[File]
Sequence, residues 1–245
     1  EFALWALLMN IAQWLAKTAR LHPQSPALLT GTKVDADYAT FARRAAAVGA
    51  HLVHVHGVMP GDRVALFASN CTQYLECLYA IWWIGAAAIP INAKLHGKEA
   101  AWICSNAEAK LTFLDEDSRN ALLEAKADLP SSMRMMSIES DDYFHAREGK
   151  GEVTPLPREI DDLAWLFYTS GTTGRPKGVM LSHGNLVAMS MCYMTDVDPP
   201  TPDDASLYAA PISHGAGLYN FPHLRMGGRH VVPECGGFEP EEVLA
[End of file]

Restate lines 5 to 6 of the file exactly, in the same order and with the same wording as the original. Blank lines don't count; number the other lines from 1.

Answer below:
   151  GEVTPLPREI DDLAWLFYTS GTTGRPKGVM LSHGNLVAMS MCYMTDVDPP
   201  TPDDASLYAA PISHGAGLYN FPHLRMGGRH VVPECGGFEP EEVLA